Jeff Bezos reportedly spent $20 million on an ad for his space exploration company Blue Origin that was intended to run during the Super Bowl--until he canceled it a week before the event. He may have been looking to avoid embarrassment because his girlfriend, Lauren Sanchez, was involved in making the ad. If so, his attempt to escape from negative publicity just led to more of it. He'd have been smarter to run the ad as planned.

You gotta figure Jeff Bezos wishes he owned the New York Post and not just the Washington Post. The world's richest man is a renowned extrovert--he even acted in one of the ads for the Amazon Echo that ran during the Super Bowl. But when it comes to his family life and his famously publicity-shy wife, MacKenzie, Bezos has always preferred a dignified reticence, doing his best to keep this part of his life out of the public eye.

For a while, it seemed the world's richest couple would continue that tradition with the highly civilized announcement of their upcoming divorce.

The whole look-how-mature-we-are vibe didn't last long. About eight hours late, the New York Post's gossip column Page Six tweeted this bit of news:

From the outside, Sanchez appears to be the anti-MacKenzie Bezos. As extroverted as MacKenzie Bezos is retiring, Sanchez is a TV personality who's worked as a news anchor and now runs her own aerial film and production company, using her skills as a pilot to obtain images from the sky. According to Page Six, she photographed Blue Origin's launch pad from a helicopter for the planned Super Bowl ad.

But then things got even more complicated.

Bezos's texts contained images of his genitals and bare chest according to the National Enquirer (which didn't actually publish those images). Bezos seems to have suspected that Sanchez's brother, a Donald Trump supporter who is friends with Roger Stone and others in Trump's circle, might have been the source of the leak. Trump has sharply criticized both Bezos and the Washington Post on Twitter.

With the investigation widening, Bezos and Sanchez apparently decided that they shouldn't be seen together in public for now. He went to the Oscars and the Super Bowl without her. But then there was the matter of the Blue Origin ad, which cost $15 million to $20 million to produce, an insider told Page Six.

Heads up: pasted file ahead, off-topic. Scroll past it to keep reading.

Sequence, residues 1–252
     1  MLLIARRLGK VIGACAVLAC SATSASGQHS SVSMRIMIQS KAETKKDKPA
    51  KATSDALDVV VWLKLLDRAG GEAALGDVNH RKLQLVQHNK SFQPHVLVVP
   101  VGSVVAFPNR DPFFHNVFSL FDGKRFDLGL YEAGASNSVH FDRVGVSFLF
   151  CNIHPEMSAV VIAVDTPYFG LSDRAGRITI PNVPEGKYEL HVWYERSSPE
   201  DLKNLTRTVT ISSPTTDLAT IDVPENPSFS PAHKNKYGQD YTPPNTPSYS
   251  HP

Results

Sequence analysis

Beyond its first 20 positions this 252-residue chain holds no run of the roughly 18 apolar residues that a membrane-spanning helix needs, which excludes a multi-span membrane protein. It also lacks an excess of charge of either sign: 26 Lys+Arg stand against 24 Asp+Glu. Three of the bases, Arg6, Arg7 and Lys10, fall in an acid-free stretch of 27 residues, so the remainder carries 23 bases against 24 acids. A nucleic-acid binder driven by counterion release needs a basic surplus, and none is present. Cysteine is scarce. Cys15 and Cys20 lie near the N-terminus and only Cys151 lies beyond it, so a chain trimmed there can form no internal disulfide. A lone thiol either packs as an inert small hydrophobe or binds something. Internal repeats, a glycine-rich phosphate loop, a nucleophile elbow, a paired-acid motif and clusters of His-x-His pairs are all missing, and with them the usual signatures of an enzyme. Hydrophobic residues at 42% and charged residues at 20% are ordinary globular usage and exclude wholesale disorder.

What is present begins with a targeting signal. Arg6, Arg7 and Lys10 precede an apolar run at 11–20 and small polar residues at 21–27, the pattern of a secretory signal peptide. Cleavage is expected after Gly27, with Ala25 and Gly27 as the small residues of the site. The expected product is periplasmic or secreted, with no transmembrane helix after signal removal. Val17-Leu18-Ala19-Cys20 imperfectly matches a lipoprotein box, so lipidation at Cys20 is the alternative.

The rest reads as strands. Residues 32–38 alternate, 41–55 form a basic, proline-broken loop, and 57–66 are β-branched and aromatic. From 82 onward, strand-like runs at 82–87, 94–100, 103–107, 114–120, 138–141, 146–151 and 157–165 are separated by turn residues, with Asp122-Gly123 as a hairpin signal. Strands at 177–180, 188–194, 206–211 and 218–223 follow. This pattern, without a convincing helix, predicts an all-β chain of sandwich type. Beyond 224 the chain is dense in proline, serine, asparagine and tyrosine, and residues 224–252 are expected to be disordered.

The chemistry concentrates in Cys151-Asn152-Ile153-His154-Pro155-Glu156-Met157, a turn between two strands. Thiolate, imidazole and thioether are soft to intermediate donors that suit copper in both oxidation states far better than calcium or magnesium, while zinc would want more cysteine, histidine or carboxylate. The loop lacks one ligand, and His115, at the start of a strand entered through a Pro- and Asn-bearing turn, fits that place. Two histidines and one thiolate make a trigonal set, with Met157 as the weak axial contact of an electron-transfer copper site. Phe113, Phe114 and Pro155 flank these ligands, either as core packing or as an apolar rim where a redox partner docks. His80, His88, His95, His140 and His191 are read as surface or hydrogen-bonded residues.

Did Bezos cancel the ad in an attempt to avoid any further unpleasant headlines about himself and Sanchez? Neither he nor Blue Origin has commented publicly about this, so we can only speculate. But considering the couple has been careful to stay apart for the past month, it seems like a plausible explanation.

Predictably, it had the opposite effect.

That was just the beginning of the bad news.  Bezos now had an advertising spot in the Super Bowl--probably worth about $10 million--and nothing to fill it with. He could have used the spot for a repeat of one of the several Amazon ads that ran during the game. Or he could have donated the time to a non-profit organization. 

Instead, the Washington Post found itself with just one week to create a Super Bowl ad. (No one has confirmed that the slot that would have gone to Blue Origin is the one that the WaPo was suddenly hurrying to fill, but it seems like a logical inference.)

The new ad was a pretty impressive effort, for just a week's preparation. It was narrated by Tom Hanks, showed images of journalists imprisoned or killed for doing their jobs, and talked about the importance of a free press in our society. It ended on the Post's tagline: "Democracy Dies in Darkness."

Unfortunately, Bezos has been cutting back on benefits for the very journalists the ad praised. A union representative for reporters and Politico Magazine both noted that the $10 million or so it costs to buy 60 seconds during the Super Bowl could have been used to restore those benefits--and hire 10 more reporters for 10 years--either of which would have done more to keep democracy from dying in darkness than a Super Bowl ad ever could. One WaPo reporter tweeted that she'd been shot at and had to run from air strikes on the job but is now home caring for her newborn with no salary because the paper doesn't offer paid parental leave. It's hard to imagine that if Bezos had let the Blue Origin ad run as planned, things could have turned out any worse.

There's a lesson here for the world's richest human and anyone else hoping to avoid tabloid scrutiny of their private life. If you're a high-profile person, inevitably the press and everyone else will be interested in everything you do. So there are basically two choices. Either disappear completely from the public arena, as MacKenzie Bezos has done, or else go on about your business without reacting or responding to the media attention you get. But don't suddenly change plans or launch investigations because of media coverage. It will always have the opposite effect from what you want.